Sample with: Current Building Intelligence

Taming the Fire Environment with a Building Intelligence for a structure fire

Photo 2: Taming the Fire Environment with a Building Intelligence for a structure fire.

Having a preincident plan with an electronic solution capability would have revealed to the first-due fire companies and the incident commander that the old solid wood floor joists have been replaced with lightweight cold-form steel joist during a building alteration project.

Question: Knowing pre-incident bldg. intelligence, how would your fireground tactics change?

Now is the time for the fire service to follow through with all the firefighter’s groundwork laid to help taming our fire environment. Up front critical building information for fireground operations is the “Last Tactical Mile for Building Intelligence.” The solution is in your hands and is just a click away on the Internet for electronic building information cards.

Next Segment: Breaking Down Building Intelligence


1. electronic Building Information Card / eBIC:

2. Coffee Breaking Training–Transforming Your Department’s Response with Electronic Pre-Incident Planning, No. FM—2012-1 April 2, 2012.

3. ICC — International Building Code (IBC/2012 Edition), Section 911.1.5 Building Information Card

4. ICC – International Fire Code (IFC/2012 Edition), Section 508.1.5 Building Information Card

5. Firefighter I & II Handbook, Chapter-29, Pre-Incident Planning, Fire Engineering (2009 Edition)

6. NFPA 1620, Standard for Pre-Incident Planning (2010 Edition).


7. Insurance Standard Organization (ISO/2013 Edition), Section 580 Training: H. Building

a. Familiarization for Pre-Incident Planning:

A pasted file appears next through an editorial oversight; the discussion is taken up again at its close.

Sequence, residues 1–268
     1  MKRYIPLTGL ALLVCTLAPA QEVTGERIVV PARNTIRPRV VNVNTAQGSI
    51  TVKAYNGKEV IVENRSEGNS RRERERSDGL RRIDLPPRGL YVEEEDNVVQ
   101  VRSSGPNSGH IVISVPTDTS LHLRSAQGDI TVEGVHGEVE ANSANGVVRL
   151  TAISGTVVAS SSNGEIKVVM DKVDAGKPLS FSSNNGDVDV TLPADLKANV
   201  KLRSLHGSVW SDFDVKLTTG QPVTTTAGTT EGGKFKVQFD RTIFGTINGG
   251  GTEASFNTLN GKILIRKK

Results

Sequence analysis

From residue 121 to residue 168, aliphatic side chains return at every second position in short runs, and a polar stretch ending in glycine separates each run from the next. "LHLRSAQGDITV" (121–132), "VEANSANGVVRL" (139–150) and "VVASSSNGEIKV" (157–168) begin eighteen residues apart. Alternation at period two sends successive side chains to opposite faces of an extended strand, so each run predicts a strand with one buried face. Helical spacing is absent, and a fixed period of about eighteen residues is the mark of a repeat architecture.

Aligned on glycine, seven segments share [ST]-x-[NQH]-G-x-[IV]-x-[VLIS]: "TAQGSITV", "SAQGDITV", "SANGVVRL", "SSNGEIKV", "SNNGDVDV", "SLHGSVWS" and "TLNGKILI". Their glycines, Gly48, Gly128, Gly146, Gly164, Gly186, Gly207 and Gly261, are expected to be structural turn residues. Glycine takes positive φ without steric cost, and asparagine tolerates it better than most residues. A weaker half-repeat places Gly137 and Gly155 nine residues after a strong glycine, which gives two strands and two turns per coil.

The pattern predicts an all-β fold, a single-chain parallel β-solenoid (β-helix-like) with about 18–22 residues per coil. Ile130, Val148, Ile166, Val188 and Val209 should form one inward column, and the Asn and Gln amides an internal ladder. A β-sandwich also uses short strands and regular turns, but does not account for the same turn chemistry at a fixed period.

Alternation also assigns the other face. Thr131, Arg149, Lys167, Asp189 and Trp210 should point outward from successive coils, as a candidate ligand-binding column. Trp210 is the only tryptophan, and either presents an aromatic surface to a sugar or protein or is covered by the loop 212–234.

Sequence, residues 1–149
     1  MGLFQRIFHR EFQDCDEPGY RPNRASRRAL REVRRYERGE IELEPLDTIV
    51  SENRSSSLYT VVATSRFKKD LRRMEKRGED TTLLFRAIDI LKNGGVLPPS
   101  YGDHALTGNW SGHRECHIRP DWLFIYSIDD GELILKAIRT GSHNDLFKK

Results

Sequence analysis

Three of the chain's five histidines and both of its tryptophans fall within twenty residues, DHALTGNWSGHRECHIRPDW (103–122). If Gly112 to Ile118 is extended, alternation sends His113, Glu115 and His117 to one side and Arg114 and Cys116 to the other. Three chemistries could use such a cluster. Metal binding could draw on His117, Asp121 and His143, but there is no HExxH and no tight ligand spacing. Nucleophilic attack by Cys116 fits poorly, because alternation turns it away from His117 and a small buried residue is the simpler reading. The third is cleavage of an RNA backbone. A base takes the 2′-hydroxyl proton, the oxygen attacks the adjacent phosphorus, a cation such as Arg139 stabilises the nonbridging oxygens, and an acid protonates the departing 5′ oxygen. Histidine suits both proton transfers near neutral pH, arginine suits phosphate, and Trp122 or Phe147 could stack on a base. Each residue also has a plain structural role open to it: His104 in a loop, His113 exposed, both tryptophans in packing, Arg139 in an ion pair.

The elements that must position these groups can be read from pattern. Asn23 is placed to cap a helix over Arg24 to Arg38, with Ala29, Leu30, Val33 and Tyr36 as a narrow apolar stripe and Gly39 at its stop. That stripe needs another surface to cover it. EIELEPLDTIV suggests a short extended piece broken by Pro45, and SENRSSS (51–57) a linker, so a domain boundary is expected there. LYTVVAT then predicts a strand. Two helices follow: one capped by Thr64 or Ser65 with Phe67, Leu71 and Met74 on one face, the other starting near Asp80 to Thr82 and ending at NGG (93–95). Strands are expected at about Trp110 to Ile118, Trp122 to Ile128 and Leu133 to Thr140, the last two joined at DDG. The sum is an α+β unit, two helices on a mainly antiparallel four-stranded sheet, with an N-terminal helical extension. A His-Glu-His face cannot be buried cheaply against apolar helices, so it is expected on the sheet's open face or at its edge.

At FDIC 2014, come to the classroom sessions on:

  • Leveraging Building Intelligence for an Initial Response & Beyond, [Instr. Jack J. Murphy]
  • Firefighter Safety and Codes: A Necessary Partnership, [Instr. Sean DeCrane]

Please send feedback to

Jack Murphy at left; Sean DeCrane at right

Jack J. Murphy, MA, (left) is a Fire Marshal (ret.)/Fmr. Deputy Chief and currently serves as a Deputy Fire Coordinator for the N.J. Div. of Fire Safety for the Bergen Region. He is the Chairman of the New York City High-Rise Fire Safety Directors Assoc., a member of the NFPA High-Rise Building Safety Advisory and 1620-Pre-Incident Planning Committees. He has published various fire service articles and authored: RICS; Rapid Incident Command System Field Handbooks; the “Pre-Incident Planning” Chapter-29 of the Fire Engineering’s Handbook for Firefighter I & II; and co-authored, “Bridging the Gap: Fire Safety and Green Buildings.” He is a Fire Engineering contributing editor, an FDIC executive advisory board member, co-hosts Taming the Fire Environment on the Fire Engineering website and he has received the 2012 Fire Engineering Tom Brennan Lifetime Achievement Award.

Sean P. DeCrane, (right) is a 23+ year veteran of the Cleveland Fire Department. He currently serves as a Battalion Chief and Chief of Training for the Cleveland Fire Training Academy. Sean is a State of Ohio Certified Instructor and represents the International Association of Fire Fighters in the International Code Council. He also has served on the 2009 and 2012 International Fire Code Development Committees and is the current Committee Chair for the 2015 Edition. He was awarded the 2010 ICC Fire Service Award and the 2013 IAFC Fire Life Safety Section’s Fire Service Award. DeCrane also serves on the NFPA 1 Fire Code Technical Committee. In addition, Sean serves on the Underwriters Laboratories Fire Council, the United States Fire Administration’s Residential Fire Environment Workshop Project, the United States Fire Administration’s project on Fire Fighting Tactics in Wood-Frame Residential Construction and the Modern Fire Environment Education Committee. He is a contributor for Fire Engineering Magazine and co-hosts Taming the Fire Environment on the Fire Engineering Web site.